Geoconservation, Geotourism, Geosites Value, Isalo National Park, Madagascar

1. Introduction

During the last two decades, the conservation of geological heritage and geodiversity took some momentum in developing countries, where they may achieve a double objective.

On one side, in developing countries as Madagascar, economic growth depends largely on natural resources as most of the population are uneducated or under educated. They are forced to depend largely on natural capital such as the earth’s resources (e.g. water, land, minerals, oil) and biodiversity [1] . Conservation efforts and initiatives of Madagascar National Parks organizations met within some of geosites of Isalo National Park are vulne- rable for catastrophic geological events such as flooding and rain runoff, which may produce and enhance mass wasting (rock falls and landslides) erosion and sinkholes.

Mining, deforestation and any other heavy anthropic activity might have a strong impact on country and in some cases those activities might tend to severe land degradation, natural geological transformation, and heavy sedimentation caused by the transported materials (see Figure 1). Consequently, there was the possibility that the land resource base became less productive, decreasing the wealth and economic development of the nation. This reality led to become aware of the need for management and protection of these geotopes and reveal priority to enhance the value of geoheritage [2] [3] .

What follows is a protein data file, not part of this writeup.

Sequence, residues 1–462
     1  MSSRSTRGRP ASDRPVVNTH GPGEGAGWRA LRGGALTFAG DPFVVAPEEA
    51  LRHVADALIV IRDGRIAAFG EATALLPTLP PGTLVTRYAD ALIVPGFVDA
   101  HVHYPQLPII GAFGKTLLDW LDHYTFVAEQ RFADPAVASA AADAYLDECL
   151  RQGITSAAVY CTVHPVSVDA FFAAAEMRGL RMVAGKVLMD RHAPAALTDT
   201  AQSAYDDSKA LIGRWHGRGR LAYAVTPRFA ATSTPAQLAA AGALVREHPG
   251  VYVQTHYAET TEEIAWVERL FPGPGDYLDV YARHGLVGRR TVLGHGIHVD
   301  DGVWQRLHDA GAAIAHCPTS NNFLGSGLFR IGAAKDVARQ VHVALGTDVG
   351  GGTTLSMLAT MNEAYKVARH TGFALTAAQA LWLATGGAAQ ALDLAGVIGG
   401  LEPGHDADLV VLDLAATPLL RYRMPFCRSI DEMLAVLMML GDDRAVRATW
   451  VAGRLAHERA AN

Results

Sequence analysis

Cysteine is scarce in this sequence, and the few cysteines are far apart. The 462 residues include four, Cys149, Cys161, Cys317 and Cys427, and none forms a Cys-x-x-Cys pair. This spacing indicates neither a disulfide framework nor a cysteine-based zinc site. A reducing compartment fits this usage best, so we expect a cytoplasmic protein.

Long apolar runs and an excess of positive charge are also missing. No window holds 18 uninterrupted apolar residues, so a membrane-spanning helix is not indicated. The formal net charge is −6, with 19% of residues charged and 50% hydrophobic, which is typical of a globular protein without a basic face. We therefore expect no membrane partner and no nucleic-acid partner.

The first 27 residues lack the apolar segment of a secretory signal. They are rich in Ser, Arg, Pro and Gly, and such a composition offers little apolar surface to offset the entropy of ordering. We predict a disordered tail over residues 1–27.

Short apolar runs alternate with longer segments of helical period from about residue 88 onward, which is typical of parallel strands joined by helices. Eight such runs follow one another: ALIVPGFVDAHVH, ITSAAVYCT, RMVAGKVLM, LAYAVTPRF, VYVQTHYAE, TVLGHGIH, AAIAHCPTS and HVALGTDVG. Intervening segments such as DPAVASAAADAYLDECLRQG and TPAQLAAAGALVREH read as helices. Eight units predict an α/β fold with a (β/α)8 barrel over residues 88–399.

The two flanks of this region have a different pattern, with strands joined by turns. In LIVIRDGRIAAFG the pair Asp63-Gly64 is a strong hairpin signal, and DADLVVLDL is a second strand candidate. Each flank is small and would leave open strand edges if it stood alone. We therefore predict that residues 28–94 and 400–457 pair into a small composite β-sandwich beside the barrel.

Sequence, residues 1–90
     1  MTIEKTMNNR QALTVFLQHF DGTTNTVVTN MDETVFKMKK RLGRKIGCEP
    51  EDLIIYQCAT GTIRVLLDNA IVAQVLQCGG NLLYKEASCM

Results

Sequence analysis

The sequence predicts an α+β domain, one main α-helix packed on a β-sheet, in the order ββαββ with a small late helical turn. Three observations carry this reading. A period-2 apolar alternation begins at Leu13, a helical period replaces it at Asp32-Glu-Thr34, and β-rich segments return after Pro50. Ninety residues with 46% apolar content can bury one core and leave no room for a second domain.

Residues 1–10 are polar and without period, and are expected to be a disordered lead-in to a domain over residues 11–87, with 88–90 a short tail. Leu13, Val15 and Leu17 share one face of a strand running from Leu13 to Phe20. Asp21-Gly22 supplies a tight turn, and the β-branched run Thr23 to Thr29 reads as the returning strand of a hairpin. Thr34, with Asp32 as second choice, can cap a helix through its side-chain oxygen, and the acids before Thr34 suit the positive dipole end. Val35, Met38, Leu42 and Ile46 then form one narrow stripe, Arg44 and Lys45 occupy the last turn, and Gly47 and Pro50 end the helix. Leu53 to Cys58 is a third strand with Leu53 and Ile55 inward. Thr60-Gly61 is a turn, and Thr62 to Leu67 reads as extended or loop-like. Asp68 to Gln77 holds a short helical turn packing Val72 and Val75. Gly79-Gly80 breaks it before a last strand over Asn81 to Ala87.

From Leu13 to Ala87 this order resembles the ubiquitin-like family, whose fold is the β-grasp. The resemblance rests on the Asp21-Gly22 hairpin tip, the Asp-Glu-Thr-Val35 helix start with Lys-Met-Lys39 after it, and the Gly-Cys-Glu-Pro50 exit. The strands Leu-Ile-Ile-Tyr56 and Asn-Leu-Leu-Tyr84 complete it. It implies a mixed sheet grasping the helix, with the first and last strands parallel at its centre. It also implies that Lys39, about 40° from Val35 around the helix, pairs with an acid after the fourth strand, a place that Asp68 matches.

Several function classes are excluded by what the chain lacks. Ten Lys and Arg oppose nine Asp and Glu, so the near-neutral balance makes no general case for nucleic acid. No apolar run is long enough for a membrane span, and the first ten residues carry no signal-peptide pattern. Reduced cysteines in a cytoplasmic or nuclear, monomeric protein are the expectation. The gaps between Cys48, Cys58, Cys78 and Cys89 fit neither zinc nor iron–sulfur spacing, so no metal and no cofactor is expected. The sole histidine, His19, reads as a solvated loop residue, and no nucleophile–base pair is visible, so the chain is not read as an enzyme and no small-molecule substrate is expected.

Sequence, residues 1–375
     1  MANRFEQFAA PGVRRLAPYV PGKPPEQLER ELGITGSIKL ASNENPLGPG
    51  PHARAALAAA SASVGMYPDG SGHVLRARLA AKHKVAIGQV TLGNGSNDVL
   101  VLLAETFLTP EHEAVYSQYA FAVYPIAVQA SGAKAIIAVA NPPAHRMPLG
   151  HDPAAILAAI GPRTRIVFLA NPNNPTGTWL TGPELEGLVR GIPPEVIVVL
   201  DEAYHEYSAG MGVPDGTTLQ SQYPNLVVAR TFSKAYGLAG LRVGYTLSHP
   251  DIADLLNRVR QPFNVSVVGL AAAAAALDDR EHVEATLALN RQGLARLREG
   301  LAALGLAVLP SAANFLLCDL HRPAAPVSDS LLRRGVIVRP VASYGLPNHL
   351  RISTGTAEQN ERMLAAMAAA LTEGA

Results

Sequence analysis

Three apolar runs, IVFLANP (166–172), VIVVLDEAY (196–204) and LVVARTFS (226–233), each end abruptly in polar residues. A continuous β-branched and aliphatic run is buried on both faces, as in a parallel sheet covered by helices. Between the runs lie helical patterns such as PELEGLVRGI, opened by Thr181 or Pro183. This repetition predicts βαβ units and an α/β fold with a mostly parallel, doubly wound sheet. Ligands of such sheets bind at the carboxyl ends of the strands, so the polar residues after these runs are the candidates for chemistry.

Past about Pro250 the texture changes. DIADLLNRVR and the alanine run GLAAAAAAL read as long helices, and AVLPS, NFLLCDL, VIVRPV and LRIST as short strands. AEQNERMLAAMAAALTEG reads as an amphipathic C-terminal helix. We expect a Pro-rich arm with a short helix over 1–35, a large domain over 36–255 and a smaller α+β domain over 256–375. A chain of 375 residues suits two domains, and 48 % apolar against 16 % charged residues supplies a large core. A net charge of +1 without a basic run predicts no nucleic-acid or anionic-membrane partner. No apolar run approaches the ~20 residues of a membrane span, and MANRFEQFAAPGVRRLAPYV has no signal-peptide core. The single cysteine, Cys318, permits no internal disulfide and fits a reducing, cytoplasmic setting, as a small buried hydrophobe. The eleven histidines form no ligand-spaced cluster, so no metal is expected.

On the other side, developing a project of conservation of geological heritage and geodiversity meant to diversify the job offering and economy of a country. It meant to think to another idea of tourism, the so-called geotourism, slower and conscious, which permitted to visitors to know not only the biodiversity and beauty of a country but also the sub-stratum under those beauties.